Maybe the title is misleading. If I read it, I would think, “Oh, a nice article about how, as Christian mothers, our children are our ‘unreached people groups’ in this world.”
While that’s true and I am very passionate about that actually, I really just love alliterations. Also, I am a mom, and I want to share about my other little mission.
I walked into the grocery store. It wasn't the store I usually go to, the one less than a mile from home where I see at least twenty-five friends and acquaintances each week. It was the one by my daughters' dance academy in a neighborhood where many more cultures, languages, and lifestyles are represented.
Where I’m from, the greeters are sweet little retirees.
Here, the greeter looked more like a bouncer. He was like a white Vin Diesel with a stocking cap, beard, and tatted up as much as I could see. He was looking every customer in the eye, excellently projecting his voice like Gaston from Beauty and the Beast, and asking how each person was doing today.
I went about my business and on the way out, of course, received a, “Thanks for coming in today.” I smiled back at him and said, “You’re the best greeter I’ve ever had here.”
He held out his hand to give a firm handshake, and said. “I’m Burt Norman.”
“I’m Amber. Is there any way I can pray for you today?”
And I had that gut knot- the one I almost always get when I ask this question.
I’m not sure how long I’ve been asking it, but I know it’s been years. Long enough for my kids to remind me to ask when we get to the checkout.
You see, I’ve been having babies for over a decade now. My oldest is eleven, my youngest is two and a half, and I have six little cherubs. And I love ministering to and teaching my kids. We homeschool just to capitalize on the amount of time we can have together.
But somewhere along the way, I started longing to reach outside my four walls. Praying prayers like, “Break my heart for what breaks yours.” This is how God answered that prayer.
Clearly, we don’t get out much. I mean, we do, but when we do get out, it’s to run errands, the doctor’s office, a Christian dance academy or church events.
I don’t rub shoulders with too many unbelievers.
But God showed me that just because this was true, didn’t mean that I was somehow in the wrong place, had built my life in a way contrary to His will, or couldn’t be used to impact a hurting world in need of Him.
He laid on my heart that for each person who rings me up at the grocery store or Hobby Lobby, I can offer something in return: I can offer to pray for him or her.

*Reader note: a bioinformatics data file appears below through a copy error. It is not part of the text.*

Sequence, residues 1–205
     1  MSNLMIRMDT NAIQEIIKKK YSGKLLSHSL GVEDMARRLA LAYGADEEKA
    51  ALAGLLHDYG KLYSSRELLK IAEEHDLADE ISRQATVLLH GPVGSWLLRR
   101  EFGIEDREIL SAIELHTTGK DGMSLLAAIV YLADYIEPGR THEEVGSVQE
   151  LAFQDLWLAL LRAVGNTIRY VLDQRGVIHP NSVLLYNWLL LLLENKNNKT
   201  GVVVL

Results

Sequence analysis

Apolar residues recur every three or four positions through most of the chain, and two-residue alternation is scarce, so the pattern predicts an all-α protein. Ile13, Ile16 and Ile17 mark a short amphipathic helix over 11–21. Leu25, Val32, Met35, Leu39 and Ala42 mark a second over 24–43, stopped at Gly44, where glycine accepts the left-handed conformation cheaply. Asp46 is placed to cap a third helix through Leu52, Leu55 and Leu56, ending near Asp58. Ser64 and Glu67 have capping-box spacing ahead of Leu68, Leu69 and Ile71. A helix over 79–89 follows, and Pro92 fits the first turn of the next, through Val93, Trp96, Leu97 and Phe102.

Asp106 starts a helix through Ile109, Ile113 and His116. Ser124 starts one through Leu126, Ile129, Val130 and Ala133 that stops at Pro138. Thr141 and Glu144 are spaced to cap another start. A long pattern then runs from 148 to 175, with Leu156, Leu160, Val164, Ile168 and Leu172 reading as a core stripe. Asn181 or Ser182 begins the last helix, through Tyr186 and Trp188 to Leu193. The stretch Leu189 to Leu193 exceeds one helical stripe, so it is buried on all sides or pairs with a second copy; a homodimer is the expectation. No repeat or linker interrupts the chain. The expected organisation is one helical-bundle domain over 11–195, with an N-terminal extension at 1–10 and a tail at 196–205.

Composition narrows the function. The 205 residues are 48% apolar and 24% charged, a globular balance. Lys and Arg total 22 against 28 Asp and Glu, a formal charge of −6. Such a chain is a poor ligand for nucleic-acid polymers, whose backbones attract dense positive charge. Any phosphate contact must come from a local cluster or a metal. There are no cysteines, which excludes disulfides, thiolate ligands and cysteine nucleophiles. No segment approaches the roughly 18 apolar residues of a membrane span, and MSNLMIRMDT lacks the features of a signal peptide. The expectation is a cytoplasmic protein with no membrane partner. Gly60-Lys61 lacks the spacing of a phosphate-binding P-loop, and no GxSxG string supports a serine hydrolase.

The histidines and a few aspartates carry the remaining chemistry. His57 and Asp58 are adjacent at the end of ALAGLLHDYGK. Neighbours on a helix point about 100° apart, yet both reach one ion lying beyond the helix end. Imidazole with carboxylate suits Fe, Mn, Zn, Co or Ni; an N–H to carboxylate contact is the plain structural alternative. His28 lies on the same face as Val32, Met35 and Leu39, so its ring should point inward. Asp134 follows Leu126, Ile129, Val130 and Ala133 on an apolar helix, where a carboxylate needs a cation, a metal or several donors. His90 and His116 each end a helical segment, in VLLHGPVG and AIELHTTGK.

And that’s it. Or is it?
I have gotten the whole spectrum of responses, from people pouring out the toughest pains in their lives, to getting the very strong impression that the person has some sort of demonic influence going on. Of course, there are the 50% or more who respond with an ambivalent, “I’m good.”
I don’t know how this impacts those who aren’t already praying folks. I know it blesses believers when I ask, and it always blesses me to discover that someone is a Christ follower. But, maybe the question will bring them back to a parent or grandparent who they knew had a relationship with the Lord, or perhaps the next time they are experiencing a challenge, it will cross their minds to pray. And that’s what being a Christ follower is all about, right? Having a relationship with our God.
I also think my little area of the world has a larger concentration of believers than much of our country, or even our state.
What if we all reached out in this small way? What if my struggling attendant at the grocery store responded with, “Why, you’re the third person to ask me that today!”
Wouldn’t they feel Jesus’ love?
Back to Burt. I’ve changed his name to protect his identity, because I didn’t ask him if I could share this story. Based on what little I know of him, I think he’d be honored and blessed. Because his response gave me a grin on my face all the way back to pick up my girls.
“I’m a gospel rapper.”
“I love it,” I said.
“And you can pray for my lust.” I breathed a sigh of relief on the inside that I was wearing a long puffer jacket.
“I will do that,” I promised.
As I walked away, he said, “I’m also an alcoholic three years in recovery. And it’s all because of Jesus.”
Burt is a gospel rapper. And the best dang greeter his company has ever hired, to God’s glory.
I’m a mom. I’m a grocery shopper. An exciting day for me is getting out to Homegoods or a haircut.
Sometimes that feels small, un-impactful.
If I’m honest, there are still some dreams I have of ways to serve my God that feel Bigger. But God’s Spirit moves in mysterious ways, and, as I’m learning in the book Ordinary by Michael Horton, we often fail to appreciate the miracles of His work in the simple things of life.
So ask Him: How can I bloom where I am planted? Is there some untapped way I can be a blessing to the hurting world around me?
Lord, Thank you for Burt. Thank you for his joy and commitment to excellence in his work. Thank you that he uses his musical talent to Your honor and glory. Please give him victory over the lust in his heart. Give him the strength to stay sober. Thank you for his testimony.
Make me a channel of your peace. Break my heart for what breaks yours. Amen.
Grace and Peace,